Why Alex Salmond will be happy with a ‘no’

1995 library filer of Chris Moncrieff. Photo by Peter Smith/PA
1995 library filer of Chris Moncrieff. Photo by Peter Smith/PA
Share this article
0
Have your say

Will Alex Salmond, Scotland’s First Minister, survive if voters reject the idea of Scottish independence in the forthcoming referendum?

Salmond himself admits that those supporting independence remain the underdogs, as if to prepare for the worst.

But this may simply be a typical politician’s ploy to encourage “yes” voters to turn out on polling day.

If he does lose, there will be a call for his head, but he’s a wily politician, and I suspect he’ll actually survive what many would regard as a fatal political setback.

Because there is a point of view that Salmond is not so much bothered about total independence for Scotland as getting the maximum amount of devolution North of the Border, just a hair’s breadth short of independence. And that is inevitably what would happen if the “no” voters win.

This would give Scotland greater powers to run its own affairs without having to worry about such tiresome things as a form of currency or relations with the European Union. In short, it would give him the best of both worlds.

Salmond’s failure to deal adequately – in some people’s view – with the currency issue in the earlier TV debate with Alistair Darling, of the Better Together campaign, suggested to some that it is not an issue he has gone into too deeply because, short of full independence, it may not be necessary. So the signs are, the United Kingdom may remain in one piece, after all.

John Bercow, the Speaker of the House of Commons, seems to revel in controversy and criticism.

He is recommending an Australian bureaucrat called Celia Mills, currently Department of Parliamentary Services secretary, is to succeed the outgoing Sir Robert Rogers to the key post of Clerk to the House of Commons. It is a job which involves advising the Speaker on often complicated Parliamentary procedure and a host of other technical issues. Even Ms Mills’s boss, Rosemary Laing, said she viewed the possible appointment with “disbelief and dismay” saying Ms Mills lacked the constitutional knowledge required.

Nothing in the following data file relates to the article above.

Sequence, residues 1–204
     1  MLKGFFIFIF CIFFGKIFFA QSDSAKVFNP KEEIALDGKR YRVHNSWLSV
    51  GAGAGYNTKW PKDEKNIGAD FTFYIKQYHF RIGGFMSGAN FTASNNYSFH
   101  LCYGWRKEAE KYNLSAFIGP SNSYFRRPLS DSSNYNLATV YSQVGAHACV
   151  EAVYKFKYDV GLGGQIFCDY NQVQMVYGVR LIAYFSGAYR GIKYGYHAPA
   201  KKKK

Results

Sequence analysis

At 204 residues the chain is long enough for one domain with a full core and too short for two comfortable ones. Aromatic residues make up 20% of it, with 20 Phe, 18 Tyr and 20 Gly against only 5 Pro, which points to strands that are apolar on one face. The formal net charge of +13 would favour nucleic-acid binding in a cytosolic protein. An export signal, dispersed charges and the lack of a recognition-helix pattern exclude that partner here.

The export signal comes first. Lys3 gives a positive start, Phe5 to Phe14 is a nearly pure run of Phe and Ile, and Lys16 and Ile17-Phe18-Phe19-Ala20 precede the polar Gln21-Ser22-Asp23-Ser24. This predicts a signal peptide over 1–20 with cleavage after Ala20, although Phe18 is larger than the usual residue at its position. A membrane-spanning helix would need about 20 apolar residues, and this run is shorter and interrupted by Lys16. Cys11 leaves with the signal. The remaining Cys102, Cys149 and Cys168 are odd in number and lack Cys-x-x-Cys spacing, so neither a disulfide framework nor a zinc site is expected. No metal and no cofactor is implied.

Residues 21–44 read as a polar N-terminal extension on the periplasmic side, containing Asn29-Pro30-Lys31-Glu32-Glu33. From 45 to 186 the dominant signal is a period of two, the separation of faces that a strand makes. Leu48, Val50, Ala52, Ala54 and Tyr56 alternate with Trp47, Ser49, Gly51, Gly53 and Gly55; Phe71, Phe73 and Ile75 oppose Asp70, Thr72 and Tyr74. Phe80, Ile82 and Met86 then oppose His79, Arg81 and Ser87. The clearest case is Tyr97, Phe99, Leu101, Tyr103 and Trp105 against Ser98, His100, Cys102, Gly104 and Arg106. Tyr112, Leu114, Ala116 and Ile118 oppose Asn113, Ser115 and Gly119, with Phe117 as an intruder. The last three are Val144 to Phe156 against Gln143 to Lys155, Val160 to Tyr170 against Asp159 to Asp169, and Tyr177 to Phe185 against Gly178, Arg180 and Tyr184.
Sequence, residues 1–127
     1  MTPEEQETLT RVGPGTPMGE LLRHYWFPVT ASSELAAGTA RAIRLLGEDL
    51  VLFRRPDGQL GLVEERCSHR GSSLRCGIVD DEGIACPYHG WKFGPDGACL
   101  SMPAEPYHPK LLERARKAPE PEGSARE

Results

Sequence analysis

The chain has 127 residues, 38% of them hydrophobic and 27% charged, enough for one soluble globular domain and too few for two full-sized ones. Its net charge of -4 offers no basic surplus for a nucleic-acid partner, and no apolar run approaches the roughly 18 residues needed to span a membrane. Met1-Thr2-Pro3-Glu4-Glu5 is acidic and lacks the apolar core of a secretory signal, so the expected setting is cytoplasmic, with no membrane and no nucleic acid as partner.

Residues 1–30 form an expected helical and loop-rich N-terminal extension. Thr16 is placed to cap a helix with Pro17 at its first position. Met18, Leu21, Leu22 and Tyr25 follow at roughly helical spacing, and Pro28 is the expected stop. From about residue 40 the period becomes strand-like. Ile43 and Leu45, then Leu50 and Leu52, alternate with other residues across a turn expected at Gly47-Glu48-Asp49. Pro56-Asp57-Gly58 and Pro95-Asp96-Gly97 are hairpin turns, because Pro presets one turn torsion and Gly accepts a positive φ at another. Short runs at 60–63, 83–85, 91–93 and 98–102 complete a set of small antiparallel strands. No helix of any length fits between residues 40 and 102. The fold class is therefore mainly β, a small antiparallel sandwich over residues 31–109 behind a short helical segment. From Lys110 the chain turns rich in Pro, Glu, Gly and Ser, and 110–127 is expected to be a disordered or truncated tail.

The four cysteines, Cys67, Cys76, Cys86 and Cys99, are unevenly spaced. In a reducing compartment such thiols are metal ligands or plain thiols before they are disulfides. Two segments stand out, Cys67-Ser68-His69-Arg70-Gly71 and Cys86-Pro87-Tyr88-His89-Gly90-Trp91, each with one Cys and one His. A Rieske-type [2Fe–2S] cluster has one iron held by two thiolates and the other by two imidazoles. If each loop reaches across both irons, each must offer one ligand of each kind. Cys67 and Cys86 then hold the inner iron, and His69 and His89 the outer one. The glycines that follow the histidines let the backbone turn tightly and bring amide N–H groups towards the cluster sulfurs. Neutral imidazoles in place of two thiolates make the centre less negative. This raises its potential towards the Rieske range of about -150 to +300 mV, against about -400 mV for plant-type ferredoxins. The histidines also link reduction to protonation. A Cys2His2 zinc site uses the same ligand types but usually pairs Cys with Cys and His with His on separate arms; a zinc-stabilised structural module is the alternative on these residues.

And Baroness (Betty) Boothroyd, a former Speaker, plainly aghast at the suggestion, has said Ms Mills would be out of her depth.

In a rare criticism of Bercow, as a successor Speaker, she also said he should remember he was not master of the House of Commons, but its servant.

Downing Street has done its best to avoid getting caught up in the row, with a spokesman saying the process being adopted here was the same one that was adopted in selecting Sir Robert.

But it isn’t. Then, the post was suggested to a very limited number of people with deep experience in this small field and not offered to people who had no experience.

There is a growing view that the Speaker, deeply unpopular with Tory MPs in particular, will get his way. But don’t be too sure. The feeling about this is running very high, and Bercow might be compelled to dismount from his high horse.

Watch this space.